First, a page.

Good morning. Governor Scott, Senator Flores, President Shalala, Dean Goldschmidt, distinguished guests — Thank you very much for coming to this ceremony and supporting concussion awareness. My name is David Goldstein, and I am a twelfth grader at Ransom Everglades High School. Over the past two and a half years, I have been on quite a journey. It started with a frightful collision on a soccer field, has consisted of many struggles and obstacles, and is culminating in a truly special event here today to celebrate Florida’s new concussion law. I stand here before you to share what I went through and the work that I have done.
I suffered three concussions playing soccer in a span of four years. My most recent concussion, which occurred in January, 2010, resulted in three and a half months of relentless pain. I was sensitive to light and sound, my balance was distorted, I was depressed, and my head hurt so badly that I had to sleep in the nurse’s office most days in order to get through school. Hopelessness engulfed me, for every doctor I visited told me that my torment could not be alleviated, that all I could do was wait and that I should never play soccer again.
After months of searching for help, my family found Dr. Gillian Hotz and Dr. Kester Nedd at University of Miami Sports Medicine Clinic. They applied their concussion treatment expertise to my injury, and turned my life around. After living through months of agony, I reached recovery thanks to Dr. Nedd and Dr. Hotz. I cannot thank them enough for helping me to be symptom-free and able to be myself again. I am incredibly excited to begin my senior year of soccer as Ransom Everglades’ team Captain next month.
Having fully recovered, I looked back on my experience and made a decision: I wanted to do everything possible to protect youth athletes from suffering the way I did. Since that decision, I have promoted concussion awareness. The first step was to spread the ImPact baseline concussion test to Miami-Dade’s high school sports teams. I am proud that Miami-Dade County is the first county in the United States to implement the test in all of its public high schools. I would like to thank Ransom Everglades for its support of my efforts to achieve county wide concussion care.
My efforts on the local scale led to my involvement in the effort to pass youth concussion legislation at the state level. Our first attempt to secure this legislation was unsuccessful, and I received a rude awakening to the reality of politics. However, Senator Flores spearheaded a second effort to pass this essential legislation, and our persistence paid off when the legislation passed unanimously in both houses of the Legislature in this year’s session. All the letters to the Senators and Representatives, the trips to Tallahassee to meet with key legislators and my appearances before the House and Senate Committees of reference had paid off.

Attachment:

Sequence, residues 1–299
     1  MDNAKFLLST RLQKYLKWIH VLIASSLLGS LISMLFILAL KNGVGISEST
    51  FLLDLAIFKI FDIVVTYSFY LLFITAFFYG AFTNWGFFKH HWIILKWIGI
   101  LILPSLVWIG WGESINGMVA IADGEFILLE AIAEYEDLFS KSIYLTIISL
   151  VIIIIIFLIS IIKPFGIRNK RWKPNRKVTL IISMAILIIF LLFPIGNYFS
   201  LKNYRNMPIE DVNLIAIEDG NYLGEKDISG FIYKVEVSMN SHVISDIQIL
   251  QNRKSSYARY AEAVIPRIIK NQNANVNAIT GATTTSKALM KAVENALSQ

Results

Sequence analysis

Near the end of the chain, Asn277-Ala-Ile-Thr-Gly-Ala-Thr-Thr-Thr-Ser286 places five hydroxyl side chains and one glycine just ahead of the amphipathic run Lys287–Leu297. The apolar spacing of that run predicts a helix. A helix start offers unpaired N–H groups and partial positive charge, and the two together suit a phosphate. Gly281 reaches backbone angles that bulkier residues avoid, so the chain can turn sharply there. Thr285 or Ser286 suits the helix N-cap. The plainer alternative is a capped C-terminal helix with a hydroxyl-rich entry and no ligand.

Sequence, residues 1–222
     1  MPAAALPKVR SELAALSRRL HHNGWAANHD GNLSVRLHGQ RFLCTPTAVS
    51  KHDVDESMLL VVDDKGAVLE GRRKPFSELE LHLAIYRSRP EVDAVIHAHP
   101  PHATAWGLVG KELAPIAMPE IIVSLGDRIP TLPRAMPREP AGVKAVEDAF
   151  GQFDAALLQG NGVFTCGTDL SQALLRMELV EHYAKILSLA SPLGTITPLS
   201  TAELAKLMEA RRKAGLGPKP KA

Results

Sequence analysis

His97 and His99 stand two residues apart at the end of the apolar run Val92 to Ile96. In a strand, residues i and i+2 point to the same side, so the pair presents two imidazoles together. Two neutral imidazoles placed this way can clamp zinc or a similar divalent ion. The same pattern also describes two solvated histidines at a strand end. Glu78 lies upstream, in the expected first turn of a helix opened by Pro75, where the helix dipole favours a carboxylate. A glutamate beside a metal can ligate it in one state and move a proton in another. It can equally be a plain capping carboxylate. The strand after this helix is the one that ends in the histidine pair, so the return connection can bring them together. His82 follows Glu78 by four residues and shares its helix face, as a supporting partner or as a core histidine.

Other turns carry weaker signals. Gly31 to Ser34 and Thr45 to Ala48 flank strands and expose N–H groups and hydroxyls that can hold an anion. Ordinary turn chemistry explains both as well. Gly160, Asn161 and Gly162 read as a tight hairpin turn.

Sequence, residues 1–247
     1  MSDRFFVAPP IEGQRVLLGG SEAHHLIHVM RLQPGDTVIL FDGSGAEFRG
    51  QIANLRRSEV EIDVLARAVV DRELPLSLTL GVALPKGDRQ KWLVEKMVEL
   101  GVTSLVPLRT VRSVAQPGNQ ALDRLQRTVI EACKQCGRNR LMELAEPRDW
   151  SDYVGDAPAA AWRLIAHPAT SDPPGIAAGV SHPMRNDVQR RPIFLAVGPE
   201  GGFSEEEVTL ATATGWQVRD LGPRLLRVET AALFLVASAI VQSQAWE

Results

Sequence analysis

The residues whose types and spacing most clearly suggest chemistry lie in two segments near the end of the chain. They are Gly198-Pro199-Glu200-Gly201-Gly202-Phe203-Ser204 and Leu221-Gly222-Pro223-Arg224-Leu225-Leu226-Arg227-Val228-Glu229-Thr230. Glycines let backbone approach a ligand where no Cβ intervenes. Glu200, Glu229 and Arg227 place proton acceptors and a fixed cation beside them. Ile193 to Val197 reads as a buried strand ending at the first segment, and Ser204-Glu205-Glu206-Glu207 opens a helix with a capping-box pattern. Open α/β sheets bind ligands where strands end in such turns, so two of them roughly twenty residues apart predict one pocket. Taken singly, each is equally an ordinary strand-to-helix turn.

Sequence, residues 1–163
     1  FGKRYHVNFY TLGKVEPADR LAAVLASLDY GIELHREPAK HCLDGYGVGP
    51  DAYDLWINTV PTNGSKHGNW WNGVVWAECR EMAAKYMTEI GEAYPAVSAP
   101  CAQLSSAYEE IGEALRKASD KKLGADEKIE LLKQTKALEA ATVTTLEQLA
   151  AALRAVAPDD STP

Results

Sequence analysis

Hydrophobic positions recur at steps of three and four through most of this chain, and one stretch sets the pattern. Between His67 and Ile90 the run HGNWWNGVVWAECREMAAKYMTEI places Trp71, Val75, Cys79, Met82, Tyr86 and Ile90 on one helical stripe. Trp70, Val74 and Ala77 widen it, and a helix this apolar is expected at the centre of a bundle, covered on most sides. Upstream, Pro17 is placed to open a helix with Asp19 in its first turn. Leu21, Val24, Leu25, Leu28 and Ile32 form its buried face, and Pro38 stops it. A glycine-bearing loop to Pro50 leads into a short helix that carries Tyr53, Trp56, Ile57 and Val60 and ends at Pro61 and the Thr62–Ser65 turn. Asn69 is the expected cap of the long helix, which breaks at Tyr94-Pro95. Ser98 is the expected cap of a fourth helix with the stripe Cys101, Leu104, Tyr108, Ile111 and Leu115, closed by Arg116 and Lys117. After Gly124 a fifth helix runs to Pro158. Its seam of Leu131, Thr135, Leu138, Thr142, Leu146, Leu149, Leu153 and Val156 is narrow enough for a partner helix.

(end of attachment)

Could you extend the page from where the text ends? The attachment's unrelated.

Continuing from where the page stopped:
Senator Flores and Representative Renuart deserve praise for the tireless work they put into passing this legislation and for their commitment to Florida’s youth athletes. I would also like to thank Nelson Diaz and Lindy Kennedy for their guidance and persistence that made success possible.
The efforts of our team already have transformed the way that Floridians think about concussions. Floridians now have a greater understanding of the serious dangers of concussions. The NFL has played a substantial role in the promotion of concussion education, for it has spread its initiative to protect athletes from concussions to the youth athletes of Florida and the rest of the country. The guidelines that the Florida High School Athletic Association has created under the umbrella of the legislation will guide coaches, trainers, referees, and others in the rules for removal from play and return to play. The result of all of this progress is that I have realized a major step towards my goal – there is a reduced danger that Florida’s youth athletes will suffer what I suffered from my concussions.
I would also like to mention the research being done at the KiDZ Neuroscience Center at the Miami Project to Cure Paralysis. This research strives to shed further light on the consequences of impacts to the head on the brain. I truly appreciate the interest that Marc Buoniconti has taken in my work and the serious issue of concussions.
I will now direct my conclusion towards Governor Scott. Governor, your support of this bill has been immensely appreciated. It means a lot not just because it demonstrates your concern for the well-being of the youth athletes of our state, but also because you are here today during a time when so many issues are fighting for your attention. Thank you once again for your commitment to spreading concussion awareness, and thank you, to all who are here today, for sharing this special day with me.